Making it work takes a little longer. Making it work takes a little time. – Doug Bennett
The EMR experience in the United Kingdom should not be ignored. Painful lessons have been learned about putting all your eggs in one basket with a single monolithic electronic record system. In the article linked below, some of the analysis refers to the hospital-based EHR rather than the office-based EMR which is the focus of this blog, but the findings can easily be extrapolated.
New Brunswick is plunging headlong to the same disastrous muddle that has befallen our British cousins. It bears thinking about.
We don’t all work the same and even within medical specialties there are differences in how people use computers and what software suits their eye. Choice is THE key element in physician satisfaction with EMRs. Forcing a fit is never a good idea.
“There are huge differences between a surgical specialty practice, primary care and hospital systems. The result of a one-size-fits all mentality in healthcare is a lowest common denominator approach to building solutions which has led to generic, yet shockingly expensive, products that are not well liked or used.” – Daniel Cane, CEO of Modernizing Medicine
Anyone listening? Is that a path we want to go down?
I think not.
It’s time for doctors to decide what they want in an EMR. Time to stop the tail from wagging the dog. I.T. professionals are key players in developing more fully functional electronic medical record systems, but we should be telling them what we need. Physicians need to lead, not follow. Software vendors need to find out what works for us, then make it happen. And if they can’t do it, we should find someone who can. That’s the beauty of a free and open marketplace. It fosters innovation and healthy competition.
A good first step would be ending the EMR monopoly in New Brunswick. It is ludicrous that physicians in this province are being offered only one EMR solution. No one would tolerate going to a restaurant with only one item on the menu. Yet that’s the choice offered by Velante, as they attempt shepherd us into their shearing barn.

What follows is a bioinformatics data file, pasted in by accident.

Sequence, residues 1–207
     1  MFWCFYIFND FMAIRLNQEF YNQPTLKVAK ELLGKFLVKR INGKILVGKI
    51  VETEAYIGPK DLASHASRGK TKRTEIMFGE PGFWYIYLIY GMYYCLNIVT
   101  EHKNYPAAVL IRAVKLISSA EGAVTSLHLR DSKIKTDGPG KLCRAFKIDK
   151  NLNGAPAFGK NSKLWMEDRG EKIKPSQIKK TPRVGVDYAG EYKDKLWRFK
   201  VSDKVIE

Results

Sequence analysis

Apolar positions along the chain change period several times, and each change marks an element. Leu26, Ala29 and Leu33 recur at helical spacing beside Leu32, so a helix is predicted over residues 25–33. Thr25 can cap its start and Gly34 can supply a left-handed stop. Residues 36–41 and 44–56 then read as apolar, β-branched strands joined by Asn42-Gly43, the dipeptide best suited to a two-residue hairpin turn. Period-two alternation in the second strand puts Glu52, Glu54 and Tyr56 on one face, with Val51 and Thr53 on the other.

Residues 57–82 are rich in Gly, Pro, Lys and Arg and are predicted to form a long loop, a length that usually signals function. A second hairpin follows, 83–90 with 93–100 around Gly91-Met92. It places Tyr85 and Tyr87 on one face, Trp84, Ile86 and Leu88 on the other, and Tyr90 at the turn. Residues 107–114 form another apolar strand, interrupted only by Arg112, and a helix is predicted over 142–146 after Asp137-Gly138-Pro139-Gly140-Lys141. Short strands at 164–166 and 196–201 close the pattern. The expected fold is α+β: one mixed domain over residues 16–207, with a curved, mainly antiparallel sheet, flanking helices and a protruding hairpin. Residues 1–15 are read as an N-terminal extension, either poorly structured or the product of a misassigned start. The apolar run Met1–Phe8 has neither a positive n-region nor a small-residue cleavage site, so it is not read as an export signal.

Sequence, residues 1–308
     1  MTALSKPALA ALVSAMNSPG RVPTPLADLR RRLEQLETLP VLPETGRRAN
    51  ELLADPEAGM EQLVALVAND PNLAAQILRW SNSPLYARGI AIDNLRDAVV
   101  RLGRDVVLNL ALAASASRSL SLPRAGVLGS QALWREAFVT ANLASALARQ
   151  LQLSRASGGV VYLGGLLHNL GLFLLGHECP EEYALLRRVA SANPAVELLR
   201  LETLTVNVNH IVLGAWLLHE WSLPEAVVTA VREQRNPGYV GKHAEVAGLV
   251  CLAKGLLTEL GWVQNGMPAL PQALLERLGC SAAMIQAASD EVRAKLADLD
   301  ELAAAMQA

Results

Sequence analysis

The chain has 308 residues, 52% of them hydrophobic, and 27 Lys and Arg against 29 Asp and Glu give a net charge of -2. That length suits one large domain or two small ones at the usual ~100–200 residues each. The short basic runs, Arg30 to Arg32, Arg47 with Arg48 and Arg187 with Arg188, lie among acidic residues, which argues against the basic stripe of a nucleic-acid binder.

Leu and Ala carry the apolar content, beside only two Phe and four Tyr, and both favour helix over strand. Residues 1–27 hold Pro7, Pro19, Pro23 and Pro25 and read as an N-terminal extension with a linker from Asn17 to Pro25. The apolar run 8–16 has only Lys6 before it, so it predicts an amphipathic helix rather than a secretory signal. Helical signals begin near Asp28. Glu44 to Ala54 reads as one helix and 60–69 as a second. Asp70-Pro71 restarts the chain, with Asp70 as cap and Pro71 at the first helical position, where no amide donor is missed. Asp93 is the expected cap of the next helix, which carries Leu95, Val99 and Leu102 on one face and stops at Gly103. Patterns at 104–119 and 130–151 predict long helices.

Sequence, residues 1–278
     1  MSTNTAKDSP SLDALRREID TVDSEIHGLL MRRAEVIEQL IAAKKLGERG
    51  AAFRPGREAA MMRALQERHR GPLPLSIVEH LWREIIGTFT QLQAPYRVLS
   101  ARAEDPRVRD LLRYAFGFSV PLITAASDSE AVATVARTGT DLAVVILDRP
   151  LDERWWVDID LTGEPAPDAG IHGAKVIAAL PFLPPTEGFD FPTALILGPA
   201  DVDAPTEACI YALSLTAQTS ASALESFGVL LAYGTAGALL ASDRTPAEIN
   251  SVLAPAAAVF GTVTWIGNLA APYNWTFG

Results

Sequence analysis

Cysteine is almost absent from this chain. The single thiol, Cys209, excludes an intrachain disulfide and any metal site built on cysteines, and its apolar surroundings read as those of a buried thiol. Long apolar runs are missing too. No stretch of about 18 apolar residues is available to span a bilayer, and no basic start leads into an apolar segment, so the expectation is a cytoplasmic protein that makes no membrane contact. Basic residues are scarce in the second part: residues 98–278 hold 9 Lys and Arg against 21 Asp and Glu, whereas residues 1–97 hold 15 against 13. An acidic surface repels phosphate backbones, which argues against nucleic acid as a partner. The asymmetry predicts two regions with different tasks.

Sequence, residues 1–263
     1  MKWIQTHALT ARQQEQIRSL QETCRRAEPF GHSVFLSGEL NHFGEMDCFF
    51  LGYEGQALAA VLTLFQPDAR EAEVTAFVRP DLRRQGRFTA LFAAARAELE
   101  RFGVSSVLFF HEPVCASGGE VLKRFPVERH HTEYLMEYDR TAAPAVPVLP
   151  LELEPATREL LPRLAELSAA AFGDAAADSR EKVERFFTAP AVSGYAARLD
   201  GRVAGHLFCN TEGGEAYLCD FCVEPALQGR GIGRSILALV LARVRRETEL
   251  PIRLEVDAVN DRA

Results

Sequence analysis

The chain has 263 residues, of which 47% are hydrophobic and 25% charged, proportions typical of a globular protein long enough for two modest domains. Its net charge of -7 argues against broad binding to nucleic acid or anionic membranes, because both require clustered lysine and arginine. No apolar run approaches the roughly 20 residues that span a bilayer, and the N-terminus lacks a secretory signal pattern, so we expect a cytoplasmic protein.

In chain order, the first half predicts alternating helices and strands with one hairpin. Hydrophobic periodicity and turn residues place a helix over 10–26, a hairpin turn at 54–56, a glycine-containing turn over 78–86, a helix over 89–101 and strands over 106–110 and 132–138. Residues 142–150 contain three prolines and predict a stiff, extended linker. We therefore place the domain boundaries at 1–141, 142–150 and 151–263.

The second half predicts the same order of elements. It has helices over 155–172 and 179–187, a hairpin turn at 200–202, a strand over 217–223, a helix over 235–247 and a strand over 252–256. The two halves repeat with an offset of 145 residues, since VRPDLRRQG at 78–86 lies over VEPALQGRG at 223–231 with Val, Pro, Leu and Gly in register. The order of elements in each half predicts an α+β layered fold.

Fortunately, physicians don’t herd well.
“EHR companies have followed a business model whereby they control all data, rather than liberating the data for use in innovative applications in clinical care.” – Dr. Farzad Mostashari
We need a variety of systems that talk to each other. It’s not a question of whether it can be done. It’s a question of will.
As you are about to read, health IT authorities in the United Kingdom have made it quite clear that “interoperability is a key priority … If there is not sufficient progress or we continue to see barriers that create data silos or ‘walled gardens’ we will… consider other options to achieve our policy intent.”
This is the kind of leadership and vision that is sorely lacking in New Brunswick. Both our Department of Health and our Medical Society would do well to take a lesson from the British experience with electronic medical records. There needs to be more emphasis on enabling health care providers, more vision and innovation, and, above all, we need to learn from those who have gone before us.
Enjoy the read.